I am allowing him just a short space herewith, lest he upstage me again, this time in public!! Oh! And finally his oratorical skills are exemplary and I could never allow his best man speech at my wedding go to waste;
Why are you reading this nostalgic, self-indulgent essay on my relationship with Gary? More to the point, why am I writing it? Well, I'm being paid, so my motivation is financial gain, rather than friendship. I am pimping my writing skills to blow another man's trumpet, as it were. I'm earning this week's meals as a low-grade biographer to a man that, in coronavirus 2020, can barely cover his own family's needs.
Relationship of Rivals
Gary Campbell is an idiot; a deeply learned soul who manages to convince almost everyone he is an incompetent fool. To know Gary is to spend much time in the company of a jovial potato. Christened Gary Bell, he is the sort of person that would take his wife's surname to fulfil her father's desire to carry the family name forward. When they married in 1993, patriarchal values viewed this as quite a sacrifice. I was quietly impressed by this clear act of devotion to his wife, Jill, and this flicking of two fingers to authority. However, rather than praise him, I insisted he was selfishly distancing himself from the treacherous slaughter of MacDonald clan members at the Massacre of Glencoe. Our rivalry runs deep enough that I have determined never to praise him. I am not about to break the habit of our forty year friendship. Not for any of his endless string of incredible endeavours and sacrifices, his depth of reading, worldly travels, his willingness to understand others, his humility, self-deprecating wit, nor any of his other manifold qualities, shall I show an ounce of admiration. Rivalry is at the core of our friendship. One-man-upmanship has fuelled our camaraderie since we met, in 1980.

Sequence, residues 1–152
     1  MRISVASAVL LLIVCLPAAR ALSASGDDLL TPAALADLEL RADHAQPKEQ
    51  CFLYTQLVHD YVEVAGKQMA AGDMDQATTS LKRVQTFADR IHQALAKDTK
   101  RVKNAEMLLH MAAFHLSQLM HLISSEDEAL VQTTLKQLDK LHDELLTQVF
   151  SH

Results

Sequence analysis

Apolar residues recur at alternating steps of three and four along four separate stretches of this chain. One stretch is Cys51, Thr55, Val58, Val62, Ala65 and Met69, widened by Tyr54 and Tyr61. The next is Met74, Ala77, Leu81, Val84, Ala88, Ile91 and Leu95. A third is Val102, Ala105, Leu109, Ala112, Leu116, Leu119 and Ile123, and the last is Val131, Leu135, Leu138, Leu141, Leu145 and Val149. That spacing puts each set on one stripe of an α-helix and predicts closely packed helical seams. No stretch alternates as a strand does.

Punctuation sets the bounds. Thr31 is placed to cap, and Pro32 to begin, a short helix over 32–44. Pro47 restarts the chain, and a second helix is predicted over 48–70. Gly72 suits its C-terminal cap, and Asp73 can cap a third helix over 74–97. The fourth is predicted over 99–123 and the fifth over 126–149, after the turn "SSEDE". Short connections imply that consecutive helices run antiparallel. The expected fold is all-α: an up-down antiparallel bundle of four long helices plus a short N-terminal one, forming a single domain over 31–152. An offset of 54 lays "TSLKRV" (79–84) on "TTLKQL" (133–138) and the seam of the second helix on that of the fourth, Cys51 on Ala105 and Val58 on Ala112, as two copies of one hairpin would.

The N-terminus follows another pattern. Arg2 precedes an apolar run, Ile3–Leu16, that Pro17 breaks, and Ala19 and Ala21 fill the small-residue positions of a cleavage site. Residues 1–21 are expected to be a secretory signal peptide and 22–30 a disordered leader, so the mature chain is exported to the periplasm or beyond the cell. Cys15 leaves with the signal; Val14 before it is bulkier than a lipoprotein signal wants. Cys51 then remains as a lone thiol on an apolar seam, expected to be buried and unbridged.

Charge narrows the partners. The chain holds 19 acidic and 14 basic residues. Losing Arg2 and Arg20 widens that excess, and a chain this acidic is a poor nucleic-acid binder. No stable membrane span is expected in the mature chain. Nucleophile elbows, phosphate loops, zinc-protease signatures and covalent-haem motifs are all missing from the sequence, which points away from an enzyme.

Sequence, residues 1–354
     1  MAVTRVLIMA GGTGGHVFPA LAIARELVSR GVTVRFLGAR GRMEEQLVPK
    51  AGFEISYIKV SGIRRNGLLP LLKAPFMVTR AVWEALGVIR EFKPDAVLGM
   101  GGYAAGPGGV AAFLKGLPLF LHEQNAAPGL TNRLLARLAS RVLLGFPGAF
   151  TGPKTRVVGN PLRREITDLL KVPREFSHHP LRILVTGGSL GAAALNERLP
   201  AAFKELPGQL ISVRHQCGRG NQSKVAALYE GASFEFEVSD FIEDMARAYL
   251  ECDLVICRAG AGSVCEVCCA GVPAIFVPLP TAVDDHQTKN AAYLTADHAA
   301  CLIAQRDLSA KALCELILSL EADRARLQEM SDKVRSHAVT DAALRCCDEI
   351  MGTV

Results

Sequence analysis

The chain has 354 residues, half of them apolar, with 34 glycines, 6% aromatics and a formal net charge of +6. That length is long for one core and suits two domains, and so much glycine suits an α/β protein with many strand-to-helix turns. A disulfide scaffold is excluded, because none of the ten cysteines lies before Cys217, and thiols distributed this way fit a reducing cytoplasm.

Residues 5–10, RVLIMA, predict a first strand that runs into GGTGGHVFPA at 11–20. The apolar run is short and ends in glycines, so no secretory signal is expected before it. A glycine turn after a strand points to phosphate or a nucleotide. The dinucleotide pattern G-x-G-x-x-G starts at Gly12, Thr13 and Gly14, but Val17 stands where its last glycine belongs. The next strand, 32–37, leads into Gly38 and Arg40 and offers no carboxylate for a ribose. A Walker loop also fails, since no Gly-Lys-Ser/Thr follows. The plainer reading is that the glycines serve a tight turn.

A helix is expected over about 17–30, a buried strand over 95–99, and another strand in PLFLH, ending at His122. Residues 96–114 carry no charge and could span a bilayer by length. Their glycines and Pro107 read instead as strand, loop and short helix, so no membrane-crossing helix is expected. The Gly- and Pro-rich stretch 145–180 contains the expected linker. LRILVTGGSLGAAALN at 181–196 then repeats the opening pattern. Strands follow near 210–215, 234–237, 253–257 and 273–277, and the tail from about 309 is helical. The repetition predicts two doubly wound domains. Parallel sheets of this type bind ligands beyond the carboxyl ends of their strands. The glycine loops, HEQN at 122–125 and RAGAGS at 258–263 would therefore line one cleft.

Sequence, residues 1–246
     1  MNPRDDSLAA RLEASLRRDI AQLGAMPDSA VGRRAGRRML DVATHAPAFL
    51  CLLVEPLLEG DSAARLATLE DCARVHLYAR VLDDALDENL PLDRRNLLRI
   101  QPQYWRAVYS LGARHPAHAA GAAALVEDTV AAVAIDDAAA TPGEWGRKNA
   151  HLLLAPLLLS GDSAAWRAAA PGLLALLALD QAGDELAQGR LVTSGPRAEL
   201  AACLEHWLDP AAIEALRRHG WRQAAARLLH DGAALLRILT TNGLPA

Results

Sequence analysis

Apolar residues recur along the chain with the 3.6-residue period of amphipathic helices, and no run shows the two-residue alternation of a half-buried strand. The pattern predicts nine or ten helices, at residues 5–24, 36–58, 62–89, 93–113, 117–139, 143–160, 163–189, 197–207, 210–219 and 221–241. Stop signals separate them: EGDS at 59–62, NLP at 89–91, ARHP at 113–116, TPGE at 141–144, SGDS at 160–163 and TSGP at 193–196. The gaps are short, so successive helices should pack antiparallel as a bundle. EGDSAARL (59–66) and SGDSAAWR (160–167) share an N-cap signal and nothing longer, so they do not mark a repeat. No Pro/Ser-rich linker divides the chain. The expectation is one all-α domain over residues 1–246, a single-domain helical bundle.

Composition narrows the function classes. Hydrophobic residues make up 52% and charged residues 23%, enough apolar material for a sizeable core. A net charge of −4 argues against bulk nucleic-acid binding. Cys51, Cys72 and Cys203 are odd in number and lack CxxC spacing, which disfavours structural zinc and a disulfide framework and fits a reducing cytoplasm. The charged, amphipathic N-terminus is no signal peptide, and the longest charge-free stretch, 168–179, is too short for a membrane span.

First Meeting First Beating